Jonathan Martin (Kings College London; returning. @songsthatsaved) has studied various literatures at Cambridge (Anglo-Saxon, Norse & Celtic) and York (UK, English and Related Literature), and is now a member of the Ph.D. program in Digital Humanities at King's. The focus of this doctoral work is an ethnography of digital humanists, which he is currently undertaking here at the Electronic Textual Cultures Laboratory. Jonathan is also a freelance programmer and system administrator, and the lead programmer/designer for the Thoreau¹s Kalendar Project. He is also excited to be teaching two courses at DHSI: ­ XML Applications and Databases for Historical and Literary Research (with Scott McGinnis) and Information Security for Digital Researchers. Ever the nerd, he would love to chat about retro computing/gaming, hacking, '80s alternative rock, Linux, Anglo-Saxon literature, or oral culture.

Aaron Mauro (Penn State Erie, Behrend C) is Assistant Professor of Digital Humanities and English at Penn State Erie, The Behrend College. He is the director of the Penn State Digital Humanities Lab and teaches on topics relating to digital culture, computational text analysis, and scholarly communication. His articles on U.S. literature and culture have appeared in Modern Fiction Studies, Mosaic, and Symploke among others. He has also published on issues relating to digital humanities in both Digital Studies and Digital Humanities Quarterly.

John Maxwell (Simon Fraser U; returning) is Associate Professor and Director of the Publishing Program at SFU, where his research is on the impact of digital technologies on book and magazine publishing. His work has focused on practical publication technologies, the evolution of scholarly monographs, and the history of computing. John directs SFU's Digital Aldine Collection and is pretty keen on the 16th century. He is old enough to remember the Web when it was brand new.

Rich McCue (U Victoria) is the Coordinator of the Digital Scholarship Commons makerspace at the University of Victoria Libraries, where he teaches workshops and oversees a team of graduate student assistants. Some of his research interests include, flipped or blended learning, open pedagogy, and knowledge management tools.

Scott Paul McGinnis 馬吉寧 (UC Berkeley; returning; @majining) is a doctoral candidate in history, whose research focuses on early Chinese intellectual history andhistoriography. While pursuing a master’s degree at Washington University in St. Louis, Scottworked on TEI-based text encoding projects for that university’s Digital Library Services unit.This sparked his interest in the Digital Humanities, and since then he has been experimentingwith ways to use computing technology in his research on early China and interested in thedigital humanities as a subject of inquiry as well. These interests can be seen in his blog,, which he sometimes updates. Scott is also the editor, designer, and P.I. for“Toward a Better Digital Edition: The History of the Han, a digital-literary combined edition,” acollaborative research project that seeks to leverage XML-based technologies in creating adigital edition which can welcome close readings and offer robust analytical features at the sametime.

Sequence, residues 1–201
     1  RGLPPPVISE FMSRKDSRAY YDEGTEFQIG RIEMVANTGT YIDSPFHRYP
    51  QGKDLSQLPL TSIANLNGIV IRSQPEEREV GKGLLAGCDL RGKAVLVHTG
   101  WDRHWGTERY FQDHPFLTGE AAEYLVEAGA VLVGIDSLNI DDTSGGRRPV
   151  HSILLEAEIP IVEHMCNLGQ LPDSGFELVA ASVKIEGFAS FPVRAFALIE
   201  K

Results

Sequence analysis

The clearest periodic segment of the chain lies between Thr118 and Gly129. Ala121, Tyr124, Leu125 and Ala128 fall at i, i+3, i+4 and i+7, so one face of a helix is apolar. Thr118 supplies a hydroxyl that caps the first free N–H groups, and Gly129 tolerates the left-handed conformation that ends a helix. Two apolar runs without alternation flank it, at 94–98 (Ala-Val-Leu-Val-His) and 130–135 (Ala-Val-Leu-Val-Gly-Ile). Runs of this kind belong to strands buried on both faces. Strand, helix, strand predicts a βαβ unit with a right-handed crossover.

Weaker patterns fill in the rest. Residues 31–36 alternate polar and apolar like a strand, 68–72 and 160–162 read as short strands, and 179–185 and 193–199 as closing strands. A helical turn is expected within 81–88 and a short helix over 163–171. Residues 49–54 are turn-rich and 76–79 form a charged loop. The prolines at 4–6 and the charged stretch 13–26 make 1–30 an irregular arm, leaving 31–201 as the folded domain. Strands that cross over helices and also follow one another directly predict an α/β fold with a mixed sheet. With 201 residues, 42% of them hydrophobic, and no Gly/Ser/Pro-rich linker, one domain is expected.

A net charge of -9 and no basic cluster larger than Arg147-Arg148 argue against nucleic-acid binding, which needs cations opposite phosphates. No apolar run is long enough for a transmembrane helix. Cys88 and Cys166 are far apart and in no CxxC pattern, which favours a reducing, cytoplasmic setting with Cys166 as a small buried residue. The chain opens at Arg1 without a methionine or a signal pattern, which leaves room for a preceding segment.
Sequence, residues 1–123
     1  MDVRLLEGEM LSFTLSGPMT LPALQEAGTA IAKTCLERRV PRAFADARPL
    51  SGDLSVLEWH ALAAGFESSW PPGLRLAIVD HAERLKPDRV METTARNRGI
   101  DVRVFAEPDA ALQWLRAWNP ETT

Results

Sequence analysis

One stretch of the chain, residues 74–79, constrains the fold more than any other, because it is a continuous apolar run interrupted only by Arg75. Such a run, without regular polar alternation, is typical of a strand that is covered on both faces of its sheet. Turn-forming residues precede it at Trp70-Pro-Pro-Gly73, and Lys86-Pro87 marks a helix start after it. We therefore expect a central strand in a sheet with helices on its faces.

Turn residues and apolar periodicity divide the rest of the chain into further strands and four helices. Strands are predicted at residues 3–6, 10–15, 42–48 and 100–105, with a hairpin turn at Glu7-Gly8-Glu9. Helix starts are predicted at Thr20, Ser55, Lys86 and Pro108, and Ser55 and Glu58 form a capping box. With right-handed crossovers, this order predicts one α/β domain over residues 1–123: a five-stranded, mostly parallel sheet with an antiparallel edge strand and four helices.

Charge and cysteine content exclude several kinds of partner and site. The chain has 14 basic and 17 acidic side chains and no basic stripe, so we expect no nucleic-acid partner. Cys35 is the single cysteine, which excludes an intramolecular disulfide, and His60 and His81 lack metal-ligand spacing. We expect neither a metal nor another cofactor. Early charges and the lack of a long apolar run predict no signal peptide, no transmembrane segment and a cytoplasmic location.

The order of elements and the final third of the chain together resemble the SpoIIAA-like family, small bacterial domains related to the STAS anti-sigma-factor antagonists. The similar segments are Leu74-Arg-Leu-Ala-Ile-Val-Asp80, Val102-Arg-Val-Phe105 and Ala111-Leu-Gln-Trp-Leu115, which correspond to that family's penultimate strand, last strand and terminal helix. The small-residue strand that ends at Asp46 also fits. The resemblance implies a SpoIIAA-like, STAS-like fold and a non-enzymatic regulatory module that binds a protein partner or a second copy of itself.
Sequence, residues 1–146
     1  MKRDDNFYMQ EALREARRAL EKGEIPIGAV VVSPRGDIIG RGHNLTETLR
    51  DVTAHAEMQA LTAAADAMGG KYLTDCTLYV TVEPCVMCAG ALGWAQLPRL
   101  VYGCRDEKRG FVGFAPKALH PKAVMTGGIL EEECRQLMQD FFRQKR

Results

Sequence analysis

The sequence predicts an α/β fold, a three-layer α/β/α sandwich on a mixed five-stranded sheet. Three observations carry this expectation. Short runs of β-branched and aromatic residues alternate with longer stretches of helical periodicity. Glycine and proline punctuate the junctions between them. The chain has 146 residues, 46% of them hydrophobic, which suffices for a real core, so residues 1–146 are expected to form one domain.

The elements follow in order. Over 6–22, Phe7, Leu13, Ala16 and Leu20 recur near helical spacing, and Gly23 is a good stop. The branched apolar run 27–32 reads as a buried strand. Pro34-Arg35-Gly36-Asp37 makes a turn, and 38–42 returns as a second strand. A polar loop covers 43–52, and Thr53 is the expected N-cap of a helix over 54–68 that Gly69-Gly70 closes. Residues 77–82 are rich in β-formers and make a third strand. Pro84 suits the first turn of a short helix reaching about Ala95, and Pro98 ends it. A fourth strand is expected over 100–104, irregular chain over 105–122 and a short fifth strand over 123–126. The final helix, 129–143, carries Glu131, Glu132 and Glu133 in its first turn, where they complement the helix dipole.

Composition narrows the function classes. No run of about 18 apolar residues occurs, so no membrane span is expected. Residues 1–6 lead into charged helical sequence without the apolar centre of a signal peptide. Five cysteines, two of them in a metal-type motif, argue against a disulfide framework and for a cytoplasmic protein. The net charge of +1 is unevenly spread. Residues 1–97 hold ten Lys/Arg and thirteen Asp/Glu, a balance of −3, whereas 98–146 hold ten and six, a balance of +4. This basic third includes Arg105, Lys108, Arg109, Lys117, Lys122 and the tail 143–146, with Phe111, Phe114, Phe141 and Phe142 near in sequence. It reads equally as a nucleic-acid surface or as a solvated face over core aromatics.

Sarah Melton (Boston C) is Head of Digital Scholarship at Boston College Libraries. Her group explores and documents new tools and supports teaching and research in a variety of areas that utilize broad methodologies in the digital humanities. She is interested in questions of digital infrastructure, the philosophical underpinnings of “openness,” and the intersection of public history and digital humanities. Sarah holds a PhD from Emory University’s Graduate Institute of the Liberal Arts. She has an unfortunate fondness for puns and is on Twitter at @WorldCatLady.

Jana Millar Usiskin (U Victoria) is a PhD student at U Victoria, studying the intersections of information theory and modernist aesthetics. She has worked for two years on the Linked Modernisms project, creating an ontology based on data from the Routledge Encyclopedia of Modernism.

Paige Morgan (U Miami) is a Digital Humanities Librarian, and specializes in questions around data modeling and digital humanities infrastructure. Previously she has worked on developing digital humanities and digital scholarship communities at the University of Washington, and at McMaster University as a CLIR postdoctoral fellow. Her research interests include linked data and emotional labor in technology work, and you can find her writing at DH+Lib and in a forthcoming issue of College and Undergraduate Libraries.

Emily Christina Murphy (U Victoria; returning) is a postdoctoral fellow with the Department of English and the Linked Modernisms Project. Her research interests include psychiatric history, literary modernism, women’s writing, editorship, linked open data, and social network analysis. Her publications appear in English Studies in Canada and Digital Humanities Quarterly.